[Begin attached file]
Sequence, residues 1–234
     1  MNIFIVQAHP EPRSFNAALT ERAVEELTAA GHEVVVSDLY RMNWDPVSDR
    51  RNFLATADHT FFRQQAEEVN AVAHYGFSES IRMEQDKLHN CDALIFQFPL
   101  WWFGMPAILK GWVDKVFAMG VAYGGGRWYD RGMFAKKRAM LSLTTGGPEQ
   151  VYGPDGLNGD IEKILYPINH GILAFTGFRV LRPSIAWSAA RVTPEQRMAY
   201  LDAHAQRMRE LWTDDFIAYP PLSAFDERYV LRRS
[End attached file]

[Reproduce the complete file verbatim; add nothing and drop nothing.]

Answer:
Sequence, residues 1–234
     1  MNIFIVQAHP EPRSFNAALT ERAVEELTAA GHEVVVSDLY RMNWDPVSDR
    51  RNFLATADHT FFRQQAEEVN AVAHYGFSES IRMEQDKLHN CDALIFQFPL
   101  WWFGMPAILK GWVDKVFAMG VAYGGGRWYD RGMFAKKRAM LSLTTGGPEQ
   151  VYGPDGLNGD IEKILYPINH GILAFTGFRV LRPSIAWSAA RVTPEQRMAY
   201  LDAHAQRMRE LWTDDFIAYP PLSAFDERYV LRRS